Referring now to FIG. 3, a block diagram of the operation of the codec 100 in accordance with the present invention is illustrated. Initially in step 300, the selected sample rate provided by the codec controller 102 is written into a control register. In step 302, the selected sample rate is read from the control register by the codec 100. The codec 100 compares the selected sample rate with a predefined set of sample rates supported by the AC '97 architecture in step 304. If the selected sample rate corresponds to a sample rate in the predefined set, the codec 100 echoes back the selected sample rate to the codec controller 102 in the step 306. When the selected sample rate fails to correspond to one of the supported sample rates, the codec 100 echoes back a predesignated sample rate in step 308 indicating that a non-supported sample rate has been received by the codec 100. The codec 100 may comprise any device which functions as an AC-link device according to the AC '97 architecture. The codec controller 102 may either be a stand-alone device or an integrated motherboard device such as a PCI bridge. It is also possible to even combine the codec controller 102 into the core-logic 108 of the host computer 106.

For the purposes of illustrating the operation of the present invention, the following example will now be described. The AC '97 component specification requires that at least sample rates of 8000, 9600, 13714.28, and 16000 Hz be included in the predefined set of sample rates for modem operations, where the hardware components may be capable of additionally operating at other sample rates. If the codec 100 receives a request to operate at a sample rate of 16004 Hz, the codec 100 recognizes that this is a non-supported sample rate. Thus, the codec 100 will echo back a predesignated sample rate, i.e. 24000 Hz, to the codec controller 102. Since the codec controller 102 is aware that a non-supported sample rate was provided to the codec 100, the codec controller 102 expects to receive the predesignated sample rate of 24000 Hz echoed back from the codec 100. If an echoed back sample rate of 24000 Hz is detected by the codec controller 102, the codec 100 is identified as being supplied by a desired supplier and data transfer for modem operations is performed at the predesignated sample rate.

Meanwhile, codecs which are designed to operate in accordance with the AC '97 component specification would instead echo back the closest supported sample rate to the non-supported sample rate received from the codec controller. Thus, a codec provided by an undesired supplier would echo back a sample rate of 16000 Hz in response to receiving a rate of 16004 Hz from the codec controller. The codec controller would then recognize that the echoed back sample rate did not correspond to the predesignated rate of 24000 Hz, and the attached codec would be identified as being supplied by an unauthorized supplier and modem operations would be disabled. It is understood that the above-described example is merely described for the purpose of illustrating the manner in which hardware interfaces supplied by desired suppliers are identified by the present invention. This example is not intended to and does not encompass all possible manners in which the soft modem copy protection method of the present invention is implemented.

The system for implementing the soft modem and soft audio copy protection of the present invention is provided by incorporating the copy protection method into the AC '97 architecture shown in FIG. 1. Software drivers for implementing the copy protection method are installed in the host computer 106 to control the codec controller 102. If those software drivers for the codec controller 102 are undesirably pirated, the soft modem and soft audio copy protection method of the present invention will also be copied along therewith. Thus, when software pirates copy the software control code of a desired supplier and attempt to substitute their own hardware interfaces for those of the desired supplier, the software control code governing the codec controller 102 will render the hardware interfaces of the copying party inoperative. The present invention provides security against piracy of hardware components and software code used in an AC '97 architecture by ensuring that the attached codec 100 is provided by a desired supplier before allowing software operations to transpire.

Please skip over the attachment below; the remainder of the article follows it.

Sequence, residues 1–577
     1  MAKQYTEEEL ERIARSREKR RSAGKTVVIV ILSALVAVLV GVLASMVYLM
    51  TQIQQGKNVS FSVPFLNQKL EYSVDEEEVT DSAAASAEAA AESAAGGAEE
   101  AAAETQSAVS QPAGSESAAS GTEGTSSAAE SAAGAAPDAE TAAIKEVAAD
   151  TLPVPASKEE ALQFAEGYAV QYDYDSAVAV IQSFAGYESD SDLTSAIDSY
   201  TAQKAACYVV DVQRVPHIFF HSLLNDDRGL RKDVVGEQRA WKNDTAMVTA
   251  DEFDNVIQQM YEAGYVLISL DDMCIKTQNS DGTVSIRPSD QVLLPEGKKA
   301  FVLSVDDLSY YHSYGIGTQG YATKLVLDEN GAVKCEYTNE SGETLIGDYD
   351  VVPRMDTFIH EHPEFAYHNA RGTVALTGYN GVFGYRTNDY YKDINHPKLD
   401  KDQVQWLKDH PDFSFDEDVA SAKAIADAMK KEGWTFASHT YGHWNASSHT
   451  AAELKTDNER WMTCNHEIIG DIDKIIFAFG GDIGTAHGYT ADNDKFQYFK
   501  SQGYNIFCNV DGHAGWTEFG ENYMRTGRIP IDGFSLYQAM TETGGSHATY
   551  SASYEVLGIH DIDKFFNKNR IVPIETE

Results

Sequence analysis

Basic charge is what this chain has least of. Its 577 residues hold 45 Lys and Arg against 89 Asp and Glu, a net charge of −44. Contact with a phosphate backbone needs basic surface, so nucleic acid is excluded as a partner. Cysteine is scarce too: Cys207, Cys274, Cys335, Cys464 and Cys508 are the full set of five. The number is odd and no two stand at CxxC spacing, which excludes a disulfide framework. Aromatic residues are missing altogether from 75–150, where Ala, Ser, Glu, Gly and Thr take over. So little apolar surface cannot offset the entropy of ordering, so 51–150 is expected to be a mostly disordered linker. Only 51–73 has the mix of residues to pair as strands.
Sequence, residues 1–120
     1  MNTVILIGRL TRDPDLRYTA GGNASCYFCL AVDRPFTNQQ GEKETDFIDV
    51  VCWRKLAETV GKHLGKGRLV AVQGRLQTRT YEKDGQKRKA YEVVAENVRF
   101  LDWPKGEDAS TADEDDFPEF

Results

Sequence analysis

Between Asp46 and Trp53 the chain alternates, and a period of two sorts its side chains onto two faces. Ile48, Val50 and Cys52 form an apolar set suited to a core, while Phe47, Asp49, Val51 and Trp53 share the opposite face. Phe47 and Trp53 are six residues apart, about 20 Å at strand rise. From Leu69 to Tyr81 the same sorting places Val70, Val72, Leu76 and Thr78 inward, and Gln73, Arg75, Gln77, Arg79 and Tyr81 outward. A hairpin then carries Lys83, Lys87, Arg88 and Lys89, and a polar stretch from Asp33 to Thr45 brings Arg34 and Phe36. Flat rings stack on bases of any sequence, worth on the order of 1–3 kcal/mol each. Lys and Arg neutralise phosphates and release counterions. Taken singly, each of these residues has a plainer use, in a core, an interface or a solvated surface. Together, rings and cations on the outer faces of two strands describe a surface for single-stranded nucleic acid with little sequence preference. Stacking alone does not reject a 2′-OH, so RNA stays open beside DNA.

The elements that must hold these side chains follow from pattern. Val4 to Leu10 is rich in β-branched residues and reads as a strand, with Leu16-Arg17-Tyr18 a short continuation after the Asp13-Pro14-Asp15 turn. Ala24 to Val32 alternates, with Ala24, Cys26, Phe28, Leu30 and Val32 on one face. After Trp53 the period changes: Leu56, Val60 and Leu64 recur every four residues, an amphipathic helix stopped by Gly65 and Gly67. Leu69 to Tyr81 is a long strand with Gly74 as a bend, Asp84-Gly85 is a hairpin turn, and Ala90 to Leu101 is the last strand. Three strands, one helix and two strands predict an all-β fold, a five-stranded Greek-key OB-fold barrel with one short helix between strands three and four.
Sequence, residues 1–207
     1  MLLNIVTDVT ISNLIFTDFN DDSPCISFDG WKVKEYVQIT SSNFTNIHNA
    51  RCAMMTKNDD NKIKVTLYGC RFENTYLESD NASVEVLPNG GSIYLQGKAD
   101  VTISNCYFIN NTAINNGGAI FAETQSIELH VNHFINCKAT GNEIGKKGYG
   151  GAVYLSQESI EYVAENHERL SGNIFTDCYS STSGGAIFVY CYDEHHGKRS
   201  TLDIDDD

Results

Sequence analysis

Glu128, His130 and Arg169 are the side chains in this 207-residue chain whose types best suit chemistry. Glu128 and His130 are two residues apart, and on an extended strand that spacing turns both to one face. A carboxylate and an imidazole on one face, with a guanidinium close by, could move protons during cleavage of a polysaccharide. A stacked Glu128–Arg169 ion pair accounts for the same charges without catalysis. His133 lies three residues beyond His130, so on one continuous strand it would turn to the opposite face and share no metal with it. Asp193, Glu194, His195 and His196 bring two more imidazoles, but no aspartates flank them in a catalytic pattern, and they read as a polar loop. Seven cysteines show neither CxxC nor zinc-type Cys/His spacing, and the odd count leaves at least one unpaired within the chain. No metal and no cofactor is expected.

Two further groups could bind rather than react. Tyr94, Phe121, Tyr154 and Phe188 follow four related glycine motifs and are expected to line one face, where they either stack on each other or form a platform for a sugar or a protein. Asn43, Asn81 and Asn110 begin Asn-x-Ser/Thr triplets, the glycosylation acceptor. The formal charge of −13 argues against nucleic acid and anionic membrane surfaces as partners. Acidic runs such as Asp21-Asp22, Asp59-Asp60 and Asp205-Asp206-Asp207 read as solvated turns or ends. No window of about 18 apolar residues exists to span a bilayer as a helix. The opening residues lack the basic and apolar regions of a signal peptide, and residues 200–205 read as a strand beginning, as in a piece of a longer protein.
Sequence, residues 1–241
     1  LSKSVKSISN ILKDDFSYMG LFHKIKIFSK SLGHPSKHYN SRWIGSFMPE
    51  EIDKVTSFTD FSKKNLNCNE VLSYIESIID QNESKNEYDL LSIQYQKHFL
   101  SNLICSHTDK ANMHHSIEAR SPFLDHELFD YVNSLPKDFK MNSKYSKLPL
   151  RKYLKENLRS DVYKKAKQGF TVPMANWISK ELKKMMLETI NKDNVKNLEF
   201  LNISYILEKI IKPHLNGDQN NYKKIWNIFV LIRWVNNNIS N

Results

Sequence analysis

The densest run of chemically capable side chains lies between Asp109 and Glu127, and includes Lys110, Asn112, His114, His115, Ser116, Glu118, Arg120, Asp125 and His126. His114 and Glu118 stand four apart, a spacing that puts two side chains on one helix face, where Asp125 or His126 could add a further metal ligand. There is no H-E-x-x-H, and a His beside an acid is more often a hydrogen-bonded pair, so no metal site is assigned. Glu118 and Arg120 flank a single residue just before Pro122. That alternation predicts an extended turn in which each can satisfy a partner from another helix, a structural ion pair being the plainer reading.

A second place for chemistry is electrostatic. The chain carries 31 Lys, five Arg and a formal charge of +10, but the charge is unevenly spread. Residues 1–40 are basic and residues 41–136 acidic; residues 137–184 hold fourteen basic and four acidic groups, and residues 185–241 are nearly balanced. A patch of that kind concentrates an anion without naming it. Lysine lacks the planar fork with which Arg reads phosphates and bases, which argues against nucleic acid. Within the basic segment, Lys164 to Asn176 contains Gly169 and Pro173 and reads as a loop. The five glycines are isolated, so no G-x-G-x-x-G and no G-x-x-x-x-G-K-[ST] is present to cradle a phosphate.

As can be seen from the foregoing, a system and method for providing soft modem and soft audio copy protection for hardware interfaces and software code utilized in a AC '97 architecture in accordance with the present invention guards against unauthorized hardware and software piracy. Moreover, by forming a system and method for providing soft modem and soft audio copy protection for hardware interfaces and software code in accordance with the present invention, hardware interfaces in the AC '97 architecture can be identified as being provided by desired suppliers and authorized for proper use.

In each of the above embodiments, the structures of the system and method for providing soft modem and soft audio copy protection for hardware interfaces and software code utilized in a AC '97 architecture of the present invention are described separately in each of the embodiments. However, it is the fall intention of the inventors of the present invention that the separate aspects of each embodiment described herein may be combined with the other embodiments described herein. Those skilled in the art will appreciate that various adaptations and modifications of the just-described preferred embodiment can be configured without departing from the scope and spirit of the invention. Therefore, it is to be understood that, within the scope of the appended claims, the invention may be practiced other than as specifically described herein.

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Classifications
U.S. Classification714/38.1, 710/11
International ClassificationG06F21/00
Cooperative ClassificationG06F21/82, G06F21/123
European ClassificationG06F21/12A2, G06F21/82